After finding only middling success in the middle of the road, Nelson grew his hair out and ditched Nashville for Austin, soon finding himself at the forefront of the 1970s “outlaw” country scene, alongside Kris Kristofferson, Waylon Jennings, and Merle Haggard. This free-flowing sound is on full display during Nelson’s “Austin City Limits” appearance in 1974, the inaugural episode of the iconic PBS show. This is a buoyant, joyful hour’s worth of peak Willie, featuring a backing band full of friends (harmonica master Mickey Raphael and guitarist Jody Payne) and family (his older sister, pianist Bobbie Nelson). Eagle-eyed viewers might spot a few famous fans in the audience, too: Townes Van Zandt and Guy and Susanna Clark pop up for a few frames, appearing to be having the time of their lives. It’s a particular pleasure to see Nelson’s impressive guitar chops here—check out the scorching solo on his signature opener “Whiskey River” for a taste of his gypsy-jazz-meets-Chet-Atkins fretwork. The “Austin City Limits” set would provide the template for Willie’s future shows, but he wasn’t ready to settle into a comfortable groove just yet.
Stardust Radio Session (1979)
Nelson had earned his greatest solo successes as a so-called outlaw, but his 1978 standards LP, Stardust, was a stylistic left turn into decidedly less edgy territory. Despite his label’s initial misgivings about the project, Stardust’s risk paid off both artistically and commercially, expanding Willie’s repertoire and selling millions in the process. Nelson fully inhabited these classics from the American Songbook, embracing the jazz-inflected vocals and guitar he’d flirted with earlier while still maintaining his essential earthiness. He took Stardust’s surprise crossover success in a stride, as shown in this crackling late ’70s FM broadcast. With Leon Russell popping up as a special guest, Willie adds several Stardust standards to the set (including a ravishing rendering of the Hoagy Carmichael-penned title track) around his tried-and-true warhorses. Like virtually everything he does, it all feels as natural as can be.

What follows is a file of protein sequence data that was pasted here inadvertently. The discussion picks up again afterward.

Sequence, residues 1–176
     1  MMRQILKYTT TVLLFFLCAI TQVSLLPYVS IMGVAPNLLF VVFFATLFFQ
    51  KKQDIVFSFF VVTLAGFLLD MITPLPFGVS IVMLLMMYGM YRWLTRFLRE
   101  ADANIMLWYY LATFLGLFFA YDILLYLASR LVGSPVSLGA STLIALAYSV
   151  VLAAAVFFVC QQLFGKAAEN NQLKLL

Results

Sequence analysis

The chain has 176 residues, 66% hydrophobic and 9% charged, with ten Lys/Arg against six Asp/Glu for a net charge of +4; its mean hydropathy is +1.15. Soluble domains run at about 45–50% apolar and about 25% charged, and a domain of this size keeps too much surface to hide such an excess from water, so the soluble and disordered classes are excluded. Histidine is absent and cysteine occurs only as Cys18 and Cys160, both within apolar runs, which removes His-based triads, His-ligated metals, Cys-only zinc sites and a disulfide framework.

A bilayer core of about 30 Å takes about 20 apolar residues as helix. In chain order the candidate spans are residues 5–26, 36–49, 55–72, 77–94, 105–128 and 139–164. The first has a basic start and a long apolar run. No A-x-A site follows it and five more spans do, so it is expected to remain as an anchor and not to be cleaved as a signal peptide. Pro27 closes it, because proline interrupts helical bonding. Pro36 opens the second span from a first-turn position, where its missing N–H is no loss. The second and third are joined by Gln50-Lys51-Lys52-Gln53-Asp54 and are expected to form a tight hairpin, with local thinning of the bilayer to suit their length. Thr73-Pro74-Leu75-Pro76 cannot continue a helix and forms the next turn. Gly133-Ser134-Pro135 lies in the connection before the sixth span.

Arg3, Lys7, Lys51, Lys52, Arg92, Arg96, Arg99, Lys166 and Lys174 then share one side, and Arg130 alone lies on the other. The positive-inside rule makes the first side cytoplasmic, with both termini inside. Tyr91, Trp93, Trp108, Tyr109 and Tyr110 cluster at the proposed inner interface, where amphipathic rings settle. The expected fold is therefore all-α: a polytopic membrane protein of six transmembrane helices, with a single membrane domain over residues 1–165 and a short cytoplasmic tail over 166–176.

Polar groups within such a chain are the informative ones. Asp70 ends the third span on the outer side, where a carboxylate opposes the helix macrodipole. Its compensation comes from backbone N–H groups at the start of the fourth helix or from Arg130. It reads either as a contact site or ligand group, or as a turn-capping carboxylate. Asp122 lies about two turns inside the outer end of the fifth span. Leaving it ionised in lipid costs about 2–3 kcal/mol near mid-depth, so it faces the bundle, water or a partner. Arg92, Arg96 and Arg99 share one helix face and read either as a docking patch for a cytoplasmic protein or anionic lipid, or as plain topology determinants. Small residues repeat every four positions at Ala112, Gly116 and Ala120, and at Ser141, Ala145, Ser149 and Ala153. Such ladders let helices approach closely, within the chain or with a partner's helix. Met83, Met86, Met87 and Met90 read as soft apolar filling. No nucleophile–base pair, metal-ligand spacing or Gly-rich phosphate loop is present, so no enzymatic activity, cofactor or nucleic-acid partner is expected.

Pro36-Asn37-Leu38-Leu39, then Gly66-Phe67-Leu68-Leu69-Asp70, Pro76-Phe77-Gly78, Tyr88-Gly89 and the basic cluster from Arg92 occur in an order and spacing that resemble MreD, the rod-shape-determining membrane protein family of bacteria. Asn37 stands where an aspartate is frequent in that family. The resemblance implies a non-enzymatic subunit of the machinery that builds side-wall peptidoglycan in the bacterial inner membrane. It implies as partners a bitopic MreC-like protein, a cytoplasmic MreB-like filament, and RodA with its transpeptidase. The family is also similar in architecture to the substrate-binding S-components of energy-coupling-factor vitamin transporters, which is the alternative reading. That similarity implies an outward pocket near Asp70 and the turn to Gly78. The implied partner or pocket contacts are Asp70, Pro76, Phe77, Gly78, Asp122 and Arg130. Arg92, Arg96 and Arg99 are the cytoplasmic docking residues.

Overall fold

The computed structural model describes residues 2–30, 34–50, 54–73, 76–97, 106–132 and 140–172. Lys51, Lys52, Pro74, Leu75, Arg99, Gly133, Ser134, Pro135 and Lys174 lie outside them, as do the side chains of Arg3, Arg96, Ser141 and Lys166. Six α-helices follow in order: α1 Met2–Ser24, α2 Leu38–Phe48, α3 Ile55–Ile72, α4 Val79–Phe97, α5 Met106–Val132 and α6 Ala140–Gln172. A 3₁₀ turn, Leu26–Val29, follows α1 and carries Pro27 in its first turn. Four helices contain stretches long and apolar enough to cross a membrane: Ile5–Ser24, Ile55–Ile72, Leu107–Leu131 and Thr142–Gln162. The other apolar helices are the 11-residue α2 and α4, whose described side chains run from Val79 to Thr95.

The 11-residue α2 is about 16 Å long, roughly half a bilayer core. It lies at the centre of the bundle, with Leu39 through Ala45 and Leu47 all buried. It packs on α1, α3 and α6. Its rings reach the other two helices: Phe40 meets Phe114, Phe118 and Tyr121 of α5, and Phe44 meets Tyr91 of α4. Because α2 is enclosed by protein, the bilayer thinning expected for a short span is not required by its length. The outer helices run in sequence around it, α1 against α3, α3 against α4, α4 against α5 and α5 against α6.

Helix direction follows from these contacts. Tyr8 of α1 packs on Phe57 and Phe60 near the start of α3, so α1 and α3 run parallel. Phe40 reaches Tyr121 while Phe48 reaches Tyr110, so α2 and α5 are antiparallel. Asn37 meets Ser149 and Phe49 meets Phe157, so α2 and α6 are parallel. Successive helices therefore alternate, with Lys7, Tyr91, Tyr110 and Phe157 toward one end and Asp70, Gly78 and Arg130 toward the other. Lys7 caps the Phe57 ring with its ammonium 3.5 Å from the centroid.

Countless Star-Studded Duets
For decades now, Willie has been a compulsive duet partner and stage-hopper—has he ever turned anyone down? This laissez faire attitude towards collaboration has resulted in some questionable moments, to be sure. No one needs to hear Willie’s guest spot on fellow cannabis connoisseur Snoop Dogg’s “My Medicine” ever again. Ditto the atrocious, Kid Rock-featuring “Last Stand in Open Country.” But there’s plenty of gold to be found in Nelson’s diffuse team-ups, whether it’s him and Bob Dylan attempting to out-brood each other on Townes Van Zandt’s “Pancho and Lefty” or his New Orleans-inspired pairing with Wynton Marsalis. He can jump onstage with Neil Young & Crazy Horse (as seen above), trade verses with Ray Charles, or slip easily into a reggae groove with Toots Hibbert. It’s hard to imagine a more open-minded musician than Nelson—and one can only imagine that even in his old age, Willie’s still got plenty of tricks up his sleeve.